Explosive outing lands Jefferson on the NFL map as playmaker

Justin Jefferson enjoys the moment prior to a Vikings' kickoff. (Photo courtesy Minnesota Vikings)

There were no doubt plenty of proud observers in St. Charles Parish and statewide Sunday as St. Rose native Justin Jefferson exploded onto the NFL scene.

The Minnesota Vikings rookie wide receiver – and alumnus of Destrehan High and LSU – hauled in seven receptions for 175 yards and a touchdown in his team’s 31-30 shootout loss to the Tennessee Titans

. It was Jefferson’s third game of the season and of his pro career, and that yardage total led all NFL receivers in Week 3.

The performance also vaulted him into the NFL’s top 15 receiving yardage leader, his total of 245 yards (on 12 catches) placing him 14th,  just one yard behind Michael Gallup of Dallas.

The highlight of his day Sunday came on a deep pass from quarterback Kirk Cousins. Jefferson pulled down the catch and raced away from the Titans’ defense for a 71-yard touchdown, putting his team ahead at the time 24-12.

Justin Jefferson (photo courtesy Minnesota Vikings)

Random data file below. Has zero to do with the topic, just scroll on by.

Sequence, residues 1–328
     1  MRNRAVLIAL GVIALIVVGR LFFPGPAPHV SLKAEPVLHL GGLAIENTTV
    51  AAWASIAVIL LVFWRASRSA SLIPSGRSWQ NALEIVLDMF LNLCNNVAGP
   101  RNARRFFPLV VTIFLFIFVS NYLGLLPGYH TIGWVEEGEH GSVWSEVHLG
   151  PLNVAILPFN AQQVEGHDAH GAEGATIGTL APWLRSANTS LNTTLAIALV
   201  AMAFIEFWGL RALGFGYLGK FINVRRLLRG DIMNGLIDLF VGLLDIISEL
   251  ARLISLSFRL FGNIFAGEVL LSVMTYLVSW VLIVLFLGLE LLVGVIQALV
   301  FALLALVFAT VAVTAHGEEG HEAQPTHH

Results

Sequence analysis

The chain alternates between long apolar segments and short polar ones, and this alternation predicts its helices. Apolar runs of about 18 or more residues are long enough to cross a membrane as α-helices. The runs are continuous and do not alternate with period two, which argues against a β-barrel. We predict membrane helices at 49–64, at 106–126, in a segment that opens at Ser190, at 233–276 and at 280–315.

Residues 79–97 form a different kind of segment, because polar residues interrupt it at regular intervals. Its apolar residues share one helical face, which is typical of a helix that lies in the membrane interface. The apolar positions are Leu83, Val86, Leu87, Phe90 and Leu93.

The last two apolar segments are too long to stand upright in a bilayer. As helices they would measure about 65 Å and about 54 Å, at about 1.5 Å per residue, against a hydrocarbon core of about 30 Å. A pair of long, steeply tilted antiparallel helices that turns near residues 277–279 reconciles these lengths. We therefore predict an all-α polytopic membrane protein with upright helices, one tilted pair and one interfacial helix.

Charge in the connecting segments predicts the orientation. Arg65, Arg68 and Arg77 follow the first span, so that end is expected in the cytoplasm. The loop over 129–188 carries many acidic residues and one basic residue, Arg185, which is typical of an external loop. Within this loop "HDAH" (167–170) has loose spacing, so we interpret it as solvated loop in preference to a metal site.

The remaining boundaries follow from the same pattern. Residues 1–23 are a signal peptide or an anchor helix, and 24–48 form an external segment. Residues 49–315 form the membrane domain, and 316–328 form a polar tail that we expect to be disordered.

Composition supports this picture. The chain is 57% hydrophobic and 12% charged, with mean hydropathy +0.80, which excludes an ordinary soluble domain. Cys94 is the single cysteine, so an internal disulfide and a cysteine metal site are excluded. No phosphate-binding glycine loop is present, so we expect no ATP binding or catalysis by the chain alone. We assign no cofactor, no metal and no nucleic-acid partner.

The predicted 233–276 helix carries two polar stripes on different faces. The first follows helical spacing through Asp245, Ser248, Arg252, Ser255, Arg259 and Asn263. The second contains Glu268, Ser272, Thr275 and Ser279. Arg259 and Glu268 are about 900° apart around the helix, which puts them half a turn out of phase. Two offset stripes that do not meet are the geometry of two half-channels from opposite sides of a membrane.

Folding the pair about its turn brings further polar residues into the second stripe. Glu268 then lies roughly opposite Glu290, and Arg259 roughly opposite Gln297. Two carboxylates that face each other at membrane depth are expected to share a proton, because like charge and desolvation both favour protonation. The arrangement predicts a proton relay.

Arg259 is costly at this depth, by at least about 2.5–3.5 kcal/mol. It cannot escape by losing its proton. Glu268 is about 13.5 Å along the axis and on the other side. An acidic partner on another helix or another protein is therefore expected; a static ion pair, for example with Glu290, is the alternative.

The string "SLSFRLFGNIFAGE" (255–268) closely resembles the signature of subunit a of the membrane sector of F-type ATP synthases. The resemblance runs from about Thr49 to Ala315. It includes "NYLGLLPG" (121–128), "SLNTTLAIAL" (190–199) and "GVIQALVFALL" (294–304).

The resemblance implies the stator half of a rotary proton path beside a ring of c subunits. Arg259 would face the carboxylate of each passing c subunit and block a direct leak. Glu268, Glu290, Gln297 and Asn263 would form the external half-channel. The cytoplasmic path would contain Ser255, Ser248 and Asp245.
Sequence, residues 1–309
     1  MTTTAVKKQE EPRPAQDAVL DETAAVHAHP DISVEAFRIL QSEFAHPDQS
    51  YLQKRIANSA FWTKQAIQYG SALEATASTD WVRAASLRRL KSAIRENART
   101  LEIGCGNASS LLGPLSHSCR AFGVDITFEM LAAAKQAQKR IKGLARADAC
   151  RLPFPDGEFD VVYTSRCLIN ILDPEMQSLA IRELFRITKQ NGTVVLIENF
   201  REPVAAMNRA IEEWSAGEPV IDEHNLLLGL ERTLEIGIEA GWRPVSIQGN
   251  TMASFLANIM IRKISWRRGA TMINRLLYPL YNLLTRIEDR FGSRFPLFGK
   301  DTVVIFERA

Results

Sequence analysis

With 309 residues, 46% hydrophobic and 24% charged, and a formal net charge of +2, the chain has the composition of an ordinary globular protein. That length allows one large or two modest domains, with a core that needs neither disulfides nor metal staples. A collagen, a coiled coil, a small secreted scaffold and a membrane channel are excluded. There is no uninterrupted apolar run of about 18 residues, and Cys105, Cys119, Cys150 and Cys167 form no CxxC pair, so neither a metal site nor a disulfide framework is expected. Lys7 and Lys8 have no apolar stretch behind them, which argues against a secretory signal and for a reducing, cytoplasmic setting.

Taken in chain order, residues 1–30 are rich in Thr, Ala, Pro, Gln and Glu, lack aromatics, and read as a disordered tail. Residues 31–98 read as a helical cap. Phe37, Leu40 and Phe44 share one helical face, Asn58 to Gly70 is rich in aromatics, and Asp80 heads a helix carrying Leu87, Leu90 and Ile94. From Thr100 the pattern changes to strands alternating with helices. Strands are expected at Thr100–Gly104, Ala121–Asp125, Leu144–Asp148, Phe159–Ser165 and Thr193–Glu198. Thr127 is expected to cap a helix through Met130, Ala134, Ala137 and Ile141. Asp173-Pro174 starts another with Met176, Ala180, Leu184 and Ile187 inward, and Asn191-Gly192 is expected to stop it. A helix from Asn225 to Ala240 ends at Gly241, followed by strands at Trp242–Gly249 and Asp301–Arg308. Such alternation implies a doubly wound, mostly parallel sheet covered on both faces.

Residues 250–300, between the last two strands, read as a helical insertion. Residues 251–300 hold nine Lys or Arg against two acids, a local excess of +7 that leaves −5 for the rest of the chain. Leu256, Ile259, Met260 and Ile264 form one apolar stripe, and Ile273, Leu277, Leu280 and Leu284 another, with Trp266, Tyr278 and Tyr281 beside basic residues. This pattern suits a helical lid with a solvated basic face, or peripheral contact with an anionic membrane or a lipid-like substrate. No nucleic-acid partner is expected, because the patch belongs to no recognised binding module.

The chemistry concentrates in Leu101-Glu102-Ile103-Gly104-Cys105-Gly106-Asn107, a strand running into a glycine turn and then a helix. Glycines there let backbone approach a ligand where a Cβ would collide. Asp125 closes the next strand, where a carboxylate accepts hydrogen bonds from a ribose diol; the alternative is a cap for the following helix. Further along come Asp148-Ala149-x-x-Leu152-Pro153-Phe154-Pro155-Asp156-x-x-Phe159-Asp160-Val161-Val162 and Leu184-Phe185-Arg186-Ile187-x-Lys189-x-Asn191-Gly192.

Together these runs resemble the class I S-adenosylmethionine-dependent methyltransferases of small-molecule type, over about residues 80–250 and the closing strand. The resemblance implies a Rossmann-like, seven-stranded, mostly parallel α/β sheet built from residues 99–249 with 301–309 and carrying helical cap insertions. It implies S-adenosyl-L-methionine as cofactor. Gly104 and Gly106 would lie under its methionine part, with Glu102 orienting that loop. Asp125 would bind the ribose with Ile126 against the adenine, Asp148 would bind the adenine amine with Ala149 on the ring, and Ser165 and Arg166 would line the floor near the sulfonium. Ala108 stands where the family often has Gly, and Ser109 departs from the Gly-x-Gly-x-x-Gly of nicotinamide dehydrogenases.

He’s proven a reliable target for Cousins, hauling in receptions on 12 of his 15 targets this season.

Minnesota drafted Jefferson in the first round of April’s NFL Draft with the 22nd selection, the fourth among five first round wideouts, with the expectation he would begin to replace the production lost by former Vikings receiver Stefon Diggs, who was traded to Buffalo after last season.

He was the third of three Jeffersons to make their way through both Destrehan and LSU, behind brothers Jordan and Rickey. At first, he was arguably the least heralded among the three, arriving at Destrehan as a 5-foot-7, 155-pound freshman. But he hit a growth spurt, evolving into a 6’1 downfield weapon who blossomed into Destrehan’s most dangerous wide receiver by his senior season.

He earned a scholarship to LSU, where he again wasn’t brought in with much fanfare – Rivals.com rated him a 2-star prospect, while 247Sports tabbed more than 2,000 players with higher grades.

But it didn’t take long for him to render those marks meaningless. As a sophomore, Jefferson caught 54 passes for 875 yards and six touchdowns. Then, in his junior year, he helped spur LSU to one of the greatest seasons in college football history. He finished that season with 111 receptions for 1,540 yards and 18 touchdowns, highlighted by a record shattering 14 catch, 227 yard, four touchdown performance in LSU’s national semifinal victory over Oklahoma – and a national championship ring.

 

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